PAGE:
9.2 Developing Outcomes and Theories of Change that Capture the Goals of the Program and Assumed Causal Pathways to those Outcomes are Critical to Building Evidence about a Program’s Impact
YEO practitioners and researchers need to build evidence about a program and its impact. That process needs to begin earlier than most assume. Effective impact evaluation begins during program design and continues throughout implementation. By building evidence as the program develops, practitioners can make course corrections, make effective decisions about program activities, and document impact. Evaluators should also acknowledge that youth have their own outcomes in mind when they participate in programs. Those should be surfaced in initial stages.
Outcomes reflect the new knowledge, skills, behavior, and/or circumstances that the program will help the youth to experience or acquire. Practitioners should consider if these outcomes represent meaningful quality of life improvements for youth and whether or not youth value these outcomes and want them to be true. These outcomes, like all indicators, should be SMART (see Box 9.2.1). Theories of change reflect the causal connection or pathway between activities and outcomes. They should reflect assumptions about how and why activities will project result in outcomes.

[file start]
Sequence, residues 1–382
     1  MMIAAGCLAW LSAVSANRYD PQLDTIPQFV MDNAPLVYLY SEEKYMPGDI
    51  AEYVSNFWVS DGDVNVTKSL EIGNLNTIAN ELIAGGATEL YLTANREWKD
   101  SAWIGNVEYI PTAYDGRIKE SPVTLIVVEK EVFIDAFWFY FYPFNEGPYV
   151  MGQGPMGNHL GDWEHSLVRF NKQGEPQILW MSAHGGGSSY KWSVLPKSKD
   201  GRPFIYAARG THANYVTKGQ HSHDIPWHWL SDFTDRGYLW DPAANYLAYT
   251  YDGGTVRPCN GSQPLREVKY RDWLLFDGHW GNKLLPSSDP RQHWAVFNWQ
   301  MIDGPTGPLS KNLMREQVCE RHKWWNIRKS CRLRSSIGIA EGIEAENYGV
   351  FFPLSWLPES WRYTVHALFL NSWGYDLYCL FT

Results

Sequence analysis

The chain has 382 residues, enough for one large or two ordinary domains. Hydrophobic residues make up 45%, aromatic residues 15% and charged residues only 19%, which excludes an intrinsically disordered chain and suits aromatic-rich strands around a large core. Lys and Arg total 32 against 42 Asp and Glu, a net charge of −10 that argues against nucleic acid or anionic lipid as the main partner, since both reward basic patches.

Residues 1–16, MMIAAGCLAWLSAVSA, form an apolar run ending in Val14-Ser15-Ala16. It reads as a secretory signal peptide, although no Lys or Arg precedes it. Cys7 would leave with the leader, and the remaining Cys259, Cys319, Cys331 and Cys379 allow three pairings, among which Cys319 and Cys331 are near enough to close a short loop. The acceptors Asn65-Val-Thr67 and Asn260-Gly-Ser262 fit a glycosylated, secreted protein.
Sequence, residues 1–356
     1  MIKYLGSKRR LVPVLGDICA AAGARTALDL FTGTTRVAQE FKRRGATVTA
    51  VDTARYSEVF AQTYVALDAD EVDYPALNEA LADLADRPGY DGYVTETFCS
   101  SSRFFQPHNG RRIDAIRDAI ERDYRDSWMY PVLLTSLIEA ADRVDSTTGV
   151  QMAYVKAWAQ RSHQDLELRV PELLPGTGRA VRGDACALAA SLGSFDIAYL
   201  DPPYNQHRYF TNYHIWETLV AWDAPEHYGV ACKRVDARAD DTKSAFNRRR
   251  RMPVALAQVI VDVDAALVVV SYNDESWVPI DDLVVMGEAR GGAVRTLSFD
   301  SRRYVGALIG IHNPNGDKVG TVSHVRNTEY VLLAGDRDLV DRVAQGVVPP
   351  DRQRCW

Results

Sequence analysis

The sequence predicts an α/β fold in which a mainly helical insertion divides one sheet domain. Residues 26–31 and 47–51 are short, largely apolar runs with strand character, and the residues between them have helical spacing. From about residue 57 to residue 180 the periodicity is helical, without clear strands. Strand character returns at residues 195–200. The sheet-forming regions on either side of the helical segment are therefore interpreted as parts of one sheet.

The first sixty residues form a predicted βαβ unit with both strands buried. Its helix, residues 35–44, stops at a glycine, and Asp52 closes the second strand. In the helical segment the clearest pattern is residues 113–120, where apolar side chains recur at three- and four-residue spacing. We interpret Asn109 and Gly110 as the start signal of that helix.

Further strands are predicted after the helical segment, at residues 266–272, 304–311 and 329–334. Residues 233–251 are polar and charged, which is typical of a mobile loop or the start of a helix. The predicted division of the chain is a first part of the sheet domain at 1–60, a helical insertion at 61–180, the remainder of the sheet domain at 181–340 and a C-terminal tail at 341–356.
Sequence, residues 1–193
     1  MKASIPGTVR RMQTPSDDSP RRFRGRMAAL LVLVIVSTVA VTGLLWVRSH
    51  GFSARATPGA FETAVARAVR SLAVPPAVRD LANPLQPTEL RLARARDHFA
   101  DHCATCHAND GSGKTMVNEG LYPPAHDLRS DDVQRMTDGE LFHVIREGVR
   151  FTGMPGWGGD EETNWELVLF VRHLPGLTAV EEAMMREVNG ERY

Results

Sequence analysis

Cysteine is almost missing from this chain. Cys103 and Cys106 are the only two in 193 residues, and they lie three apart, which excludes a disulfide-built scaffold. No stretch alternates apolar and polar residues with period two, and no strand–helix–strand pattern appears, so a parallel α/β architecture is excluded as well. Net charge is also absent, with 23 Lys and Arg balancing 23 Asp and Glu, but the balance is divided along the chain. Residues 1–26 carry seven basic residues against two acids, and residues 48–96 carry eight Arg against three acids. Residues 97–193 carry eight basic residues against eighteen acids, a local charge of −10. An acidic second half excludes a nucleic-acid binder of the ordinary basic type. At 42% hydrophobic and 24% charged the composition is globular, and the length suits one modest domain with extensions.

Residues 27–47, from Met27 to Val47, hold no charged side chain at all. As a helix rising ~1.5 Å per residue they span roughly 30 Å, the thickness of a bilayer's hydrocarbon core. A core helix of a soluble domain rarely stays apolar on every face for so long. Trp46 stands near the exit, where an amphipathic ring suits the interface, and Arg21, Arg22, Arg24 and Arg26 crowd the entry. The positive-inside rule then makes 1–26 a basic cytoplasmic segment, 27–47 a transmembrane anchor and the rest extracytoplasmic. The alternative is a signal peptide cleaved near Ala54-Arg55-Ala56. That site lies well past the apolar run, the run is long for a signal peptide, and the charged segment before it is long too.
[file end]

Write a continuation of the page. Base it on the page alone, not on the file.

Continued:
9.2.1 Checklist: UNC on Getting SMART about Theories of Change and Indicators
Mat Despard, Clinical Assistant Professor with the University of North Carolina, advocates for evaluation that starts with the end in mind–determining what the project (and youth served) hope to be different about youth after they participate. That might include new knowledge, new skills, and/or changed behaviors. The theory of change should reflect how the program will achieve the end. Despard discussed how to test theories of change related to financial capabilities.
When developing theories of change, have you considered the following:
✔Do activities represent necessary and sufficient conditions for change?
✔Are ideas reasonable? Do youth think they are reasonable?
✔Are ideas supported by and consistent with evidence from market research, community assessments, and/or studies with similar target groups?
Once theories of change are developed, choosing the right indicators will facilitate data collection.
The “SMART” convention is widely used in behavior change projects. To tell if your outcomes indicators measure up, ask yourself if they are:
✔Specific – clear and well defined, not vague
✔Measurable – we can find out if it happened
✔Achievable – it is something that is within our project’s power to influence
✔Relevant – it is something that is valued by and relates to the lives of youth
✔Timely – it is something that we can expect to happen within the project’s time frame